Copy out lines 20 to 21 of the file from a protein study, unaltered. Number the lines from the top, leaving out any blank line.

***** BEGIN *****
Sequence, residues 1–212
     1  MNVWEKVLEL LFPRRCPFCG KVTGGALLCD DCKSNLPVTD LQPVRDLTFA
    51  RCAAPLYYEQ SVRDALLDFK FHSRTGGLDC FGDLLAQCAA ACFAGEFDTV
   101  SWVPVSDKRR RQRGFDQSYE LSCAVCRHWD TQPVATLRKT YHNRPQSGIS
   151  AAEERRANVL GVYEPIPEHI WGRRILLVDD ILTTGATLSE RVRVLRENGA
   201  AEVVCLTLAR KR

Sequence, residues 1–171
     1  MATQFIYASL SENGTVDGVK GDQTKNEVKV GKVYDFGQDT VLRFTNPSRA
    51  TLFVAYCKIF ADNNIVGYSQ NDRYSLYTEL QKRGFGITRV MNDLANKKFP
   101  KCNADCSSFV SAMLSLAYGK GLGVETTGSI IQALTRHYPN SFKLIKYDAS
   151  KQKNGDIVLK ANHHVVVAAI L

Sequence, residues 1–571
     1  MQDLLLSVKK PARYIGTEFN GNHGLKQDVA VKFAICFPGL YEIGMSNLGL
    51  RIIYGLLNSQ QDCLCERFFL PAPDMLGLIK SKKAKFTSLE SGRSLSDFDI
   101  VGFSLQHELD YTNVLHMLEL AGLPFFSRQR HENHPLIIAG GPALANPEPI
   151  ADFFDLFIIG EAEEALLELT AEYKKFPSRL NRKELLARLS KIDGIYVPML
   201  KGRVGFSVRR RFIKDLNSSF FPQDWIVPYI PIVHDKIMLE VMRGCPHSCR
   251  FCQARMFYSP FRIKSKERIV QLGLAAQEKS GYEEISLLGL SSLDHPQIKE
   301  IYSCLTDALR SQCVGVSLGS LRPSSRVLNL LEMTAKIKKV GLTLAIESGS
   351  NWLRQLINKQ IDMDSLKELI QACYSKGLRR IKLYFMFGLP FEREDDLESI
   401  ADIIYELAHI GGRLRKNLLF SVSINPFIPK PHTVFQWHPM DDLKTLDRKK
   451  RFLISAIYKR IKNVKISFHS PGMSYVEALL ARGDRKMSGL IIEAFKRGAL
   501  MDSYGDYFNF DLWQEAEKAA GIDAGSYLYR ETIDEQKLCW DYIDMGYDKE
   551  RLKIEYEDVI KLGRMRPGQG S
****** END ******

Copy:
   351  NWLRQLINKQ IDMDSLKELI QACYSKGLRR IKLYFMFGLP FEREDDLESI
   401  ADIIYELAHI GGRLRKNLLF SVSINPFIPK PHTVFQWHPM DDLKTLDRKK